Hands-on review of Trump's cheap bible (video)

Originally published at: https://boingboing.net/2024/04/19/hands-on-review-of-trumps-cheap-bible-video.html


Trump can’t acknowledge it was likely made in Asia as people would be concerned the bamboo fibers in the paper could be used to hack their prayers. And any prayers for a Trump victory would be deliberately miscounted by an Italian satellite, and would be changed into prayers for Biden.



The funny thing to me is that this thing is now the “Trump” Bible when it’s been out for a couple of years, as this guy points out, with no association with Trump until a couple of months ago. It’s so obviously a grift. From both Trump and Greenwood.


His final verdict is that this is basically a $20 Walmart-quality Bible with a $75 price tag (shipped). That’s honestly better than I would have expected from the grifter in chief.

Also I appreciate his view that combining a Bible and the American founding documents is insulting to both.


Crap- haven’t thought of that.


“I would be shocked if Donald Trump was promoting a Bible that was printed bound in China”

I wouldn’t. Why would anyone be shocked by that? I mean, all his clothing items were made there and Mexico and even said so on the labels, even as he tore down those countries and denounced trade with them. If he’s willing to be that ironic, a Bible printed in China is nothing. Especially since he’s just lending his name to sell an existing product. He does. not. care.

Okay, so cheap materials, likely printed in China, similar items are being sold - at a profit - for less than $20… that’s a hell of a profit margin for each book. Which is exactly what I expected, given this whole thing is just a money laundering scheme so churches and other religious non-profits can funnel him money.

The collection of documents is more hilarious than I expected - the Bible, (some of) the Constitution, the Declaration of Independence (so you can have references to God and country), the Pledge of Allegiance (getting pretty random, but again, it’s a quasi-official bit of text and God is in there!) and… Lee Greenwood song lyrics? What a mess - the Christian nationalist wet-dream Bible…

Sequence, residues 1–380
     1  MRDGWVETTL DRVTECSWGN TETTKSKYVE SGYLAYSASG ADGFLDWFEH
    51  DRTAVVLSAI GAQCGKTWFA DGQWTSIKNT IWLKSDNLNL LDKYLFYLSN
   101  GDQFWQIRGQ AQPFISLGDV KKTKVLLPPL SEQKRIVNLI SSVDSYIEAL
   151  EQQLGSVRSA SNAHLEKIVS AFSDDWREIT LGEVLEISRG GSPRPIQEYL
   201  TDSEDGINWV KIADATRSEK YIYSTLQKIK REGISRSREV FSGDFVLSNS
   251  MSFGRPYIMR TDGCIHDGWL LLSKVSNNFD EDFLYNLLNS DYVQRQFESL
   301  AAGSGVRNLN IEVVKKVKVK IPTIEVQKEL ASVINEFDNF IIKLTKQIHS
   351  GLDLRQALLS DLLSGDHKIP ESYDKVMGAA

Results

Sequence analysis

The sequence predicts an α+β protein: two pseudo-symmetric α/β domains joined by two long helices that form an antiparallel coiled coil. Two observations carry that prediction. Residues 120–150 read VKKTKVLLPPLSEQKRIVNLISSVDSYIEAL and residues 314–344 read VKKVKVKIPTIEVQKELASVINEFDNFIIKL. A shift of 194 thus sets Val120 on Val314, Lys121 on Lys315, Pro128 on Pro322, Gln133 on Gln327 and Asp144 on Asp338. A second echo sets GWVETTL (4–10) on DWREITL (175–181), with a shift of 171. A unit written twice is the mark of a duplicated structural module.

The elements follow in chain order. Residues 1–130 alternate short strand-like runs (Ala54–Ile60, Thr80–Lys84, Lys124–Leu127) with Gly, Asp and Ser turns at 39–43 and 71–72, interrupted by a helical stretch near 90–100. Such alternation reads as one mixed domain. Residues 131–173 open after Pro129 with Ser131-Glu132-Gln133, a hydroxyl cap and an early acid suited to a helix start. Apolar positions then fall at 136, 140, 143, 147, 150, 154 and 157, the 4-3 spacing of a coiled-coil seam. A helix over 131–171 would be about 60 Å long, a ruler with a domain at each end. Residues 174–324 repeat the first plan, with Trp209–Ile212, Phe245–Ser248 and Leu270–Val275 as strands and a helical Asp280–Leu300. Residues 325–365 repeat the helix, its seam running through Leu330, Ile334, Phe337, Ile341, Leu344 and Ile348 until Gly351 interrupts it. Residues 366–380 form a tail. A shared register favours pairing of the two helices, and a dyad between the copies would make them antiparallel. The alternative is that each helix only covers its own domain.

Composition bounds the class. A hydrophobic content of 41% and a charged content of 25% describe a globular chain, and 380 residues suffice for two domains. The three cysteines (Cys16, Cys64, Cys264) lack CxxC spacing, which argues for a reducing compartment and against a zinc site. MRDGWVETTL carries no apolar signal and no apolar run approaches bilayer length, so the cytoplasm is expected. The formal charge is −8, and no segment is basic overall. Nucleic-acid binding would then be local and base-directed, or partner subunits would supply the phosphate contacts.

Agreed. He’d get happy to bulldoze all the national forests and all libraries, turning the wood/books into bibles for sale or his biographies, and the ground to golf courses. Just printing stuff in whatever country is cheapest is unsurprising.


About a minute in there’s this:


I must have at least a thousand books by now, and none slump over like a soggy pancake. Only ephemera like magazines and pamphlets do this. What a cheap piece of shit.


That doesn’t seem unusual for a Bible. I’ve got a few that flop that way.


About how much did you pay for them? Re quality, don’t people usually want something substantial and robust enough to last so they can be handed down with family history notes written in i.e., birthdates and such?

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I didn’t. They are all family.



BTW: The video made me curious about how thin book paper could be, and it turns out the thinnest made is called “bible paper”. I did not know that. Apparently, the aim is to make bible books (with their numerous pages) as thin and as light as possible. Yet the fellow in the video expressed a concern with the paper’s semi-translucency. If such “bible paper” is to be expected in some bibles, then the fellow’s concern is odd, given the many bibles he’s said to have handled and reviewed. In other words, he didn’t say, Oh, here’s another bible with bible paper that one can see through. So, I’m wondering if the maker really cheaped out and used a low-density paper pulp (assuming anything like that exists or is even considered.)